In a big surprise, US non-farm payrolls increased by 2.5 million in May as the world’s biggest economy attempts to regain its footing after being battered by the coronavirus (COVID-19) pandemic.
The unemployment rate, meanwhile, fell to 13.3%, down from 14.7% last month, surprising economists who had predicted the jobless rate to rise to 19.5% with 7.25 million job losses forecast.
The May jobs gain was by far the biggest one-month increase in US history since at least 1939.
READ: US non-farm payrolls plunge by 20.5M in April as coronavirus pandemic batters world’s biggest economy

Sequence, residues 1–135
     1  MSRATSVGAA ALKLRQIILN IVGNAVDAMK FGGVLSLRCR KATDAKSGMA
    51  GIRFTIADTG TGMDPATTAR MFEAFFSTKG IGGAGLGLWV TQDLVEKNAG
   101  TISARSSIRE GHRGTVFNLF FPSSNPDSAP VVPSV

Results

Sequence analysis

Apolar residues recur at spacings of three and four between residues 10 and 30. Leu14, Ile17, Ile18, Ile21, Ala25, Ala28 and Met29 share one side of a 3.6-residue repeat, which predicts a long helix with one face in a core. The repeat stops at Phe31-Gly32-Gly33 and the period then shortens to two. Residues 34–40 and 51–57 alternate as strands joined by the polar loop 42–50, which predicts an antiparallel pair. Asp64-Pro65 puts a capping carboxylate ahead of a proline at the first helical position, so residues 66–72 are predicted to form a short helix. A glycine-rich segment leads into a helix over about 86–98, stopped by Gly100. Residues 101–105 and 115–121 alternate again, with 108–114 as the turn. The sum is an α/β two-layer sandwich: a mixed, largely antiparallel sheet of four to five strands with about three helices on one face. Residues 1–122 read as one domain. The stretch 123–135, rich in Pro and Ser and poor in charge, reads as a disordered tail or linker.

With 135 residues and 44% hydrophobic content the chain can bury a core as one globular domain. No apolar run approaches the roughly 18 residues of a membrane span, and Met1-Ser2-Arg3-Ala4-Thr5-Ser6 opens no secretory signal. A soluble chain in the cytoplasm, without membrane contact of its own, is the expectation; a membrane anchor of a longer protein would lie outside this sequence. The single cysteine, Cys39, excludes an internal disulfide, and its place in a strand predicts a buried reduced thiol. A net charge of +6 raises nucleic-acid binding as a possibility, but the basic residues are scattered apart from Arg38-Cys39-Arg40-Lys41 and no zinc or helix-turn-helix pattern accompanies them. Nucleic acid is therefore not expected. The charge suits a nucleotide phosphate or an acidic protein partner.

“These improvements in the labor market reflected a limited resumption of economic activity that had been curtailed in March and April,” the Labor Department said in its release Friday.
Many economists expect that May will be the low-point for the US job market - which lost a staggering 20.7 million jobs just last month to near Great Depression levels - and that unemployment will begin to ease as states reopen and businesses call employees back to work.
Consumer confidence, manufacturing and services industries are also stabilizing, though at low levels. But it will take far longer for the economy to climb out of the hole than it did to fall into it.
Of the 2.5 million new jobs, leisure and hospitality workers made up almost half the increase, with 1.2 million going back to work.
Wall Street was set to rally on Friday, as stocks around the world rose on hopes that government support would support an economic recovery. Dow futures recently traded up 603 points to 26,856.